March is here, and I am still thinking about my goals for the year. That’s not an unusual thing for me, but if sticking close to your goals is hard for you, may I recommend Powersheets?
I won’t list out all my goals for you, but I want to tell you what I’ve learned from two of my goals for this year. I decided I wanted to take more walks and read more books this year so I came up with this cute goal. It’s Instagramable and Tweetable.
Isn’t it adorable?
So how I am doing two months in?
I’m right on track on my reading goal.
200 books divides out to 17 books a month. I read 17 in January and 17 in February. I’m right at 34 books read.
200 walks divides out to 17 walks a month.
I didn’t take 17 walks in January or February.
I didn’t take zero walks though.
So there’s that.
I took 5 walks in January. (Single digits, y’all.) I took 8 walks in February. (The tiniest bit better.)
So I am not on track with my walking goal. I’ve done 13 out of 200. That means I still have 187 walks left in 2019.
Here’s the puzzling thing about these two goals. I am not demanding about these walks. A 30 to 45-minute walk is great. I’m not speed-walking these things. A stroll counts.
On the other hand, it takes hours to finish a decent book.
Why am I flying through this time-consuming reading goal while the walking goal that demands so little of my time gets pretty much ignored?
I think it’s because I was already reading a lot last year, and bumping up to reading a little more wasn’t as big of a change.
I was not exercising with any amount of regularity last year. Even though taking a walk has a literal phrase that means easy — “walk in the park” — I can’t seem to get it done.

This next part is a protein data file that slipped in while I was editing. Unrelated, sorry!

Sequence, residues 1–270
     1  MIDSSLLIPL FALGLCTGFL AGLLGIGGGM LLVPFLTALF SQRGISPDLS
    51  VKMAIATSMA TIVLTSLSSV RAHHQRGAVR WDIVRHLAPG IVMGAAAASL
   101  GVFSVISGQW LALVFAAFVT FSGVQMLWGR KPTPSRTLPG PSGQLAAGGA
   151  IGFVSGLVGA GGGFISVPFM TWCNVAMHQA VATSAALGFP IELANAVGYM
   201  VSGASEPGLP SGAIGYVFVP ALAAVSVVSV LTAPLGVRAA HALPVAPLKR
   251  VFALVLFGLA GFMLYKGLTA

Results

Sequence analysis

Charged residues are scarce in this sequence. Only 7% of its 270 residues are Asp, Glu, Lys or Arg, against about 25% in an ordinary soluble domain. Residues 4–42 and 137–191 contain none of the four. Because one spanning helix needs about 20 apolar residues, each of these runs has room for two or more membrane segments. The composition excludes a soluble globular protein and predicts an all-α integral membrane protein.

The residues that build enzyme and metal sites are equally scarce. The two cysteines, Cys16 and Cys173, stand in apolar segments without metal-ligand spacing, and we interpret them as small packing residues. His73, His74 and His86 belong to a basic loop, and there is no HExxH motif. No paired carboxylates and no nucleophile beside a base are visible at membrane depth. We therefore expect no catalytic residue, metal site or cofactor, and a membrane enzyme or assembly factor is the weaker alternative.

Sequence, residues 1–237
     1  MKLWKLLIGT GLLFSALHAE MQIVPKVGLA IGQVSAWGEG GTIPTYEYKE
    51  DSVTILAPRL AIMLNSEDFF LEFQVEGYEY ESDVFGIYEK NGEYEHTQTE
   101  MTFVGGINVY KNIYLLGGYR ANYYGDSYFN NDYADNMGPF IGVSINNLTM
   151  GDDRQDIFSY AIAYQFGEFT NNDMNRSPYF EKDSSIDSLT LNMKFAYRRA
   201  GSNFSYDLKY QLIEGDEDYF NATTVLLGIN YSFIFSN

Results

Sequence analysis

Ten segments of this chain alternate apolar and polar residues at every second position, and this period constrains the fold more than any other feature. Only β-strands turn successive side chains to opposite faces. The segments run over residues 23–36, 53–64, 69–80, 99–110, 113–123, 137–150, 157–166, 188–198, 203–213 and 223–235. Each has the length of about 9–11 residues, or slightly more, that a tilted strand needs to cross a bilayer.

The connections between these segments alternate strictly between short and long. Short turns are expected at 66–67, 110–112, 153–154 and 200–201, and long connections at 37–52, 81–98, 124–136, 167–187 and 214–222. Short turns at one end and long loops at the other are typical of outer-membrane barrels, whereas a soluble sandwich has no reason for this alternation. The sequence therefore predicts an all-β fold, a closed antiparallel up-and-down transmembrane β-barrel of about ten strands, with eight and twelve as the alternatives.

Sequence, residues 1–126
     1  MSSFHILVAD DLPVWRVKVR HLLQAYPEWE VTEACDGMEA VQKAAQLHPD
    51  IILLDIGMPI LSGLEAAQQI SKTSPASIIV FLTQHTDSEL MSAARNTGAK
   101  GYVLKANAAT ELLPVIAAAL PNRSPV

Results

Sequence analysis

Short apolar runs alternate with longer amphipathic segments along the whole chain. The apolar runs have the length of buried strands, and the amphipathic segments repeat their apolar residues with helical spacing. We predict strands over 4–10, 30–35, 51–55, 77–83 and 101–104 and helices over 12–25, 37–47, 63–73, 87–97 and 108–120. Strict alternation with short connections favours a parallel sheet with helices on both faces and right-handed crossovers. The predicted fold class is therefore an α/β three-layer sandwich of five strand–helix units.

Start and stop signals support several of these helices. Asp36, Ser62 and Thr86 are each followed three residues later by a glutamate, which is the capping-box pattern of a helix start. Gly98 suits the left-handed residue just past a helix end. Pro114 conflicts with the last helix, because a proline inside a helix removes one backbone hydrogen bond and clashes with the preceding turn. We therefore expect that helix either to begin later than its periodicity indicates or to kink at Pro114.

It’s a bigger change, not because it takes more time, money (it’s free to walk), or equipment (I have legs, headphones, and shoes.) It is a bigger change because it hasn’t been a habit in my life.
Reading takes lots of time, some money (God bless the library and Ben Franklin for suggesting it), and I think it may be ruining my eyes (ain’t gonna stop me though.)
Googling “how long does it take to form neural pathways,” tells me this:
So basically, it may take all 200 of my walks this year to change my brain to make walking a habit.
What does this mean? Give up? No!
It means I have to celebrate my progress. I have to be proud of my 13 walks in two months. It might be more walks than I took in the whole of 2018. I wasn’t counting.
It means I have to push myself to do something that doesn’t feel natural.
It means I have to stop listening to my excuses.
I never make excuses not to read, but I can think of 15 excuses why I can’t take a walk right now, the first one being I would have to put real pants and shoes on. Ugh. Who can be bothered?
But when I realize I’m not just taking a walk, I’m changing my brain, I can tell myself I am doing a hard thing that needs extra babying and celebration. I can pep talk myself into creating pathways that think walks are a normal part of a healthy day. I can tell myself that 2020 Jennifer will find walks easy peasy.
What about you?
What changes have you found hard to make because they were new and unfamiliar to your life?
What small numbers do you need to celebrate?